The unemployment rate for South Carolina has dropped to its lowest level in six years, officials announced Friday. But the state's jobs picture is not all rosy, at least one economist said.
March 2013 5.9%
March 2013 6.4%
March 2013 6.5%
S.C. Department of Employment and Workforce
The S.C. Department of Employment and Workforce reported that the seasonally adjusted unemployment rate was 5.5 percent in March, down from 5.7 in February and the lowest level since March 2008, officials said.
The state's rate also dropped as a majority of the state's counties reported a slight increase in jobless rates. County-level unemployment rates aren't adjusted seasonally like the state figures.
The state's four metro regions (Greenville, Florence, Columbia and Charleston) recorded an increase in jobless rates between February and March.
Gov. Nikki Haley lauded the state's jobless rate drop as an indication the state "is moving in the right direction."
"Dropping our unemployment rate a full five points since January 2011 says a lot about our state and the hardworking people who make it their home," Haley said in a written statement.
But according to the Board of Economic Advisors, the falling unemployment rate is partly explained by people dropping out of the labor force, not an overall improvement in the state's economic picture.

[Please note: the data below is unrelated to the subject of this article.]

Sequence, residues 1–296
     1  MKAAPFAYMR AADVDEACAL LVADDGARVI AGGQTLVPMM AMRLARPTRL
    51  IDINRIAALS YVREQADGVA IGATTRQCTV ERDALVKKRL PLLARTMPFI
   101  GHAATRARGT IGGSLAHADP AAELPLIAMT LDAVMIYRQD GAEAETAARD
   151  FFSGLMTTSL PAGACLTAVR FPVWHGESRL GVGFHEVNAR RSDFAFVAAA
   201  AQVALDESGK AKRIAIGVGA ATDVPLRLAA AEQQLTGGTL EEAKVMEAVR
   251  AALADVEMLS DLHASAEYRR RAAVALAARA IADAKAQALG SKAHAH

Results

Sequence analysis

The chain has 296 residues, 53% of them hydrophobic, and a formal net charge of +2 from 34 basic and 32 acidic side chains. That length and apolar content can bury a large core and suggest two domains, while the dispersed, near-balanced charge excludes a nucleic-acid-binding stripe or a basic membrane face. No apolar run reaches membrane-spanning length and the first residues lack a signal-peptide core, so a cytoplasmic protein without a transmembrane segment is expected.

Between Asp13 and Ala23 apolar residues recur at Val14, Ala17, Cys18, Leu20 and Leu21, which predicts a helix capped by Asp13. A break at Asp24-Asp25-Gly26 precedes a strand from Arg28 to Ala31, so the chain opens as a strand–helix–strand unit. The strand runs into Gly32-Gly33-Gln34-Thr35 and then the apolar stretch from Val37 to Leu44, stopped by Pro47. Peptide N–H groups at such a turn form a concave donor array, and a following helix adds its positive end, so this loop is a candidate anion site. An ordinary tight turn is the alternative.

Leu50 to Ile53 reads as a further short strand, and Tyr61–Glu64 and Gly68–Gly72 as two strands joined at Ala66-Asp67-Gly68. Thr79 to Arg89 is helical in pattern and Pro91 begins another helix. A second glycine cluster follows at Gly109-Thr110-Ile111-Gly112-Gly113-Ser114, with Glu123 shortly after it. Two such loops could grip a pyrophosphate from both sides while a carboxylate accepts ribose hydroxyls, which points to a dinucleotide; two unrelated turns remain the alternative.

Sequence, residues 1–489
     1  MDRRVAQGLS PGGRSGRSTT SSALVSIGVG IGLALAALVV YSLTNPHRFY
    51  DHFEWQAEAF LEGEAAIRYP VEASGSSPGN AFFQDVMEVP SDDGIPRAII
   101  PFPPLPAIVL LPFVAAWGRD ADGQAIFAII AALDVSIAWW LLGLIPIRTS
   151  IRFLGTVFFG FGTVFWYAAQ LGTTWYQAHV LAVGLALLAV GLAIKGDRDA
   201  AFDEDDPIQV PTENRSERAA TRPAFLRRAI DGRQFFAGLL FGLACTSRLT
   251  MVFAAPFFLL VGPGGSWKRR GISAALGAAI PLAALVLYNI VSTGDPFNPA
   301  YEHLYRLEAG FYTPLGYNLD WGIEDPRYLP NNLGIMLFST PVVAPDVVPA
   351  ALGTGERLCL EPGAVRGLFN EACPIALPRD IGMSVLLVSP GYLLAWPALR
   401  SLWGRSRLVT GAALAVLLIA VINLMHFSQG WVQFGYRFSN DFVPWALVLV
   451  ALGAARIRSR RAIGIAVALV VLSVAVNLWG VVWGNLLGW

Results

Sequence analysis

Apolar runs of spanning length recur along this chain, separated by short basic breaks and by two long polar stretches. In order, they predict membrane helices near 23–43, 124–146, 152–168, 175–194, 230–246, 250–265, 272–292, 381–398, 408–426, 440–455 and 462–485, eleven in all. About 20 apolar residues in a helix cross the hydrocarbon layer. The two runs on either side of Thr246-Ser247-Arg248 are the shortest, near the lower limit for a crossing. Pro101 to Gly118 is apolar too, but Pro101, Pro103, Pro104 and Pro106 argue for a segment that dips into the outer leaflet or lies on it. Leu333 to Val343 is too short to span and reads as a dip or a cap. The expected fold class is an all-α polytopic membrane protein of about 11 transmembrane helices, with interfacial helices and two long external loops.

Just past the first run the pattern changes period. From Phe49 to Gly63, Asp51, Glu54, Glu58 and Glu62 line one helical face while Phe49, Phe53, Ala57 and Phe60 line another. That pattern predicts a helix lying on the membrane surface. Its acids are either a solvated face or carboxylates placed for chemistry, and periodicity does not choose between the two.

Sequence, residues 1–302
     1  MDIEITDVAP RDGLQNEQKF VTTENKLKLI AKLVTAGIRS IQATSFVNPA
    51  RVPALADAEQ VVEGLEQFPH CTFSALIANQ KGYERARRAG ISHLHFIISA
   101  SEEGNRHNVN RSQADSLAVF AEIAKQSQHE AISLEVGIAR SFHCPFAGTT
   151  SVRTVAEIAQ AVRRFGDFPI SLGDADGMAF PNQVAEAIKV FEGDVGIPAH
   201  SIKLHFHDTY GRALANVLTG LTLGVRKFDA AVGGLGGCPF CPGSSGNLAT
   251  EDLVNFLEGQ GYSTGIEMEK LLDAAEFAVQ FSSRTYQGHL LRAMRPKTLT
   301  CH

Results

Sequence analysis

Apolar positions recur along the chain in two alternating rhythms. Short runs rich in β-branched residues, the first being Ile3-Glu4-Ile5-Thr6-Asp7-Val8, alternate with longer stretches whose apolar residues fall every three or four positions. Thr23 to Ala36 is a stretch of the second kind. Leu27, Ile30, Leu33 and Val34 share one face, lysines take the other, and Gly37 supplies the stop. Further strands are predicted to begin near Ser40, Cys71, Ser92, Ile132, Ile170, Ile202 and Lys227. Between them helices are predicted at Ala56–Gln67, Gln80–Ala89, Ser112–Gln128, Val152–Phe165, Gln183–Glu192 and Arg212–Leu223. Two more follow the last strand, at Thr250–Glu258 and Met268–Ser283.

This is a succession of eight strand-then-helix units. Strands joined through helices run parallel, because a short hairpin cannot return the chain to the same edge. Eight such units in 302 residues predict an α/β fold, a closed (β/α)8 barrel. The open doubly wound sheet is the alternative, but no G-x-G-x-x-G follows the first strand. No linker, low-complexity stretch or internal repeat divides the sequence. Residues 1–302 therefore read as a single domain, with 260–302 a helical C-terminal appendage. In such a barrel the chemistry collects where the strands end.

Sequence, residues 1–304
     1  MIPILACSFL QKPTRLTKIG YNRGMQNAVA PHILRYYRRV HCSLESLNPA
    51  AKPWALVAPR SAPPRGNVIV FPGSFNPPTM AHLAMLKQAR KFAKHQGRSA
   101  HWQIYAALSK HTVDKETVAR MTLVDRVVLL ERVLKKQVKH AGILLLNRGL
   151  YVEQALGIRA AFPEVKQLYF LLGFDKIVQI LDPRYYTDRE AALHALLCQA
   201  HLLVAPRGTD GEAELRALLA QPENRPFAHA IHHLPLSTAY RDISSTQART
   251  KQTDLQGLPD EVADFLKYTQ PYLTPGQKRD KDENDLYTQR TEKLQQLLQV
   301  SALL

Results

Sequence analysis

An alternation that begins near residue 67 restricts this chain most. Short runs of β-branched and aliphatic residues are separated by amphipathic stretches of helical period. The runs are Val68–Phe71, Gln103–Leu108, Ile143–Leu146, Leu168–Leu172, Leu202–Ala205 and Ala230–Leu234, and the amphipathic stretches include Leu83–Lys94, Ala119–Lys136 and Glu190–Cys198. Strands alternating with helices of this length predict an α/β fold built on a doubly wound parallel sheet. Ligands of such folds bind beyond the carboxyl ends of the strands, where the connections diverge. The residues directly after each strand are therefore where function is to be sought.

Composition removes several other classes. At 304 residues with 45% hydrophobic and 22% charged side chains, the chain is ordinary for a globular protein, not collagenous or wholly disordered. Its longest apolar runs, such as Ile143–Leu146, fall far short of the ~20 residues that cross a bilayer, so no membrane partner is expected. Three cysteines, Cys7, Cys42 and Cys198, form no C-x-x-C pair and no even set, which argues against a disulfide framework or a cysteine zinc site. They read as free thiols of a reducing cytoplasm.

The percentage of working-age people in South Carolina who have a job - including part time - is actually going down, economist Robert Martin told the board Thursday. South Carolina's labor force participation rate has steadily shrunk since mid-2013, according to his charts, using data from the U.S. Department of Labor.
"People are dropping out of the labor force for a number of reasons. What happens to the unemployment rate? It comes down and comes down fast," he said.
Reasons include people retiring and being replaced by technology, he said.
College of Charleston economist Frank Hefner said the state saw 39,000 additional jobs in March, a sign of good growth that nearly follows the 2 percent jobs growth predicted.
"We are there in terms of the growth we have had, and we should continue to see declines in the unemployment rate, especially given the labor force is less this year than last year," he said. "We have more jobs and fewer people that are in the market, so the unemployment rate should continue to drop."
The estimated number of employed in the state was 2,046,002 in March, up 6,560 since February, according to state officials.
Employers have been gearing up for the busy tourism season with a total of 800 jobs added in the leisure/hospitality segment last month. Other major growth includes construction and education and health services, which together tallied 5,000 additional jobs.
The Charleston metro region, which includes the tri-county area, tallied a 4.6 percent jobless rate in March, up from 4.4 in February, but down from 6.2 percent in March 2013.
The lowest jobless rate in the region was Charleston County at 4.4 percent, up from 4.3 percent in February, but down from 5.9 percent in March 2013.
Marion County had the state's highest unemployment at 10.4 percent in March. The lowest rate was in Lexington County at 4.2 percent.
The Associated Press contributed to this story.